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Riffat Naseem Malik 1 Article
Hematological Evidence of Occupational Exposure to Chemicals and Other Factors among Auto-Repair Workers in Rawalpindi, Pakistan
Atif Kamal, Riffat Naseem Malik
Osong Public Health Res Perspect. 2012;3(4):229-238.   Published online December 31, 2012
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AbstractAbstract PDF
Occupational exposure to aromatic solvents causes many serious health hazards to workers, especially if an ambient environment increases the exposure during routine working hours. This study was conducted on two related groups, i.e., automobile mechanics (MCs) and automobile spray painters (PNs), with an effort to analyze effects of chemical exposure on hematological parameters, keeping a focus on environmental parameters and workers’ personal behavioral characteristics that could be held responsible for increasing exposure risk.
A preliminary survey of various chemicals used in these places was done, and 78 blood samples were collected from three groups (control, n = 24; mechanics, n = 25; painters, n = 29). Demographic features of workers were recorded through a short questionnaire.

showed that mean red blood cell (RBC) count was lower both in MCs [t(51) = 2.38, p < 0.021, r = 0.32] and in PNs [t(47) = 2.12, p < 0.03, r = 0.29], whereas mean hemoglobin (Hb) was significantly lower in MCs [t(51) = 2.5, p = 0.017, r = 0.33]. Combined data for exposed groups for smokers (SMs) versus nonsmokers (NSs) showed that SMs had a significantly lower number (RBC count: t(52) = 2.28, p < 0.027, r = 0.25; Hb count: t(52) = 2.71, p < 0.009, r = 0.30] of these parameters than NSs, even compared to the control group. Moreover, logistic regression results showed that smoking is a significant predictor of reduction in RBC and Hb counts, besides occupational exposure and work experience to a little extent among exposed workers. Mean white blood cell count [t(47) = 2.63, p < 0.01, r=0.35], mean corpuscle volume [t(47)= –2.82, p = 0.007, r = 0.29], and packed cell volume [t(47)= –2.28, p = 0.027, r = 31] were higher exclusively in painters, which could be related to exposure to benzene in addition to isocyanate.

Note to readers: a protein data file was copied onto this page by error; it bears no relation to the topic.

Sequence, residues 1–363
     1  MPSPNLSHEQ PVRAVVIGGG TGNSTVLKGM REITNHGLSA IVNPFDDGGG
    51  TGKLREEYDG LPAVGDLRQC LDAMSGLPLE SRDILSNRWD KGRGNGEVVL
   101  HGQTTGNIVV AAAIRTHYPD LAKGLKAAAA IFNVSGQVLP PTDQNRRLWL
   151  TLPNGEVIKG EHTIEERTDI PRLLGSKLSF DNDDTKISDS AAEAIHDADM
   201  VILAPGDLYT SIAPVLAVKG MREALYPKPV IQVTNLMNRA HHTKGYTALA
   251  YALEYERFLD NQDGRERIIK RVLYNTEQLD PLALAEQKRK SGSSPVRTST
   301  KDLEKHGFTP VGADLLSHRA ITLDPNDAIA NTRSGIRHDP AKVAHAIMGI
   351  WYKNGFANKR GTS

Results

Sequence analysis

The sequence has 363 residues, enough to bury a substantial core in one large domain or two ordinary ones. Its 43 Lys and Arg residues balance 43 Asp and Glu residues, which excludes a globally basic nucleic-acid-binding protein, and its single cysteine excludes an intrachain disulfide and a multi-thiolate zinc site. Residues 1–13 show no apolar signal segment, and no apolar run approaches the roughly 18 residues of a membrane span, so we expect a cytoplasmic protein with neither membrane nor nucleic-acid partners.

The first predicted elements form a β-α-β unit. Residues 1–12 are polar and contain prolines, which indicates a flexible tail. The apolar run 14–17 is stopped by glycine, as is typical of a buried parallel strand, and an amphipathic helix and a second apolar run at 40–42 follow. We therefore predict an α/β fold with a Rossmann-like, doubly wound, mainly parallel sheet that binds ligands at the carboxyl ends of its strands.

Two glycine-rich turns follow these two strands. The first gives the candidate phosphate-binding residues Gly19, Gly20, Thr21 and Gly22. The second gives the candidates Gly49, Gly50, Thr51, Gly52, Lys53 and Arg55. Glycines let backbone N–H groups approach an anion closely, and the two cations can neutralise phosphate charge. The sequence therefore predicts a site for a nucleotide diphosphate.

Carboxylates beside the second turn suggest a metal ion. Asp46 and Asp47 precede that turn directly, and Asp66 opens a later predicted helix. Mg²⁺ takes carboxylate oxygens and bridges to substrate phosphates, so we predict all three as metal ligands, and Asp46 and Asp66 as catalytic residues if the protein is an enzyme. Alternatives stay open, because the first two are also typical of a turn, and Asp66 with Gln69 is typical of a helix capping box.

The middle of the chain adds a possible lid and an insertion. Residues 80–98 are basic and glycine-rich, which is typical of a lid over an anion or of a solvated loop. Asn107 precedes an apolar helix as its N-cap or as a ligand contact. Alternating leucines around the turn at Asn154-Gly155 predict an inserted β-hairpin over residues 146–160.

It appeared that workplace exposure may be complex due to interaction of multiple factors and PNs face much more exposure to isocyanate and aromatic solvents than MCs, which had significant effects on their hematopoiesis. Smoking enhances exposure risk manifolds, and among MCs it showed combined effects along with occupational exposure. There is a need to create awareness among these workers to adopt self-safety measures during routine tasks and also of a separate study to elucidate actual occupational exposure among them, eliminating confounding factors.


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PHRP : Osong Public Health and Research Perspectives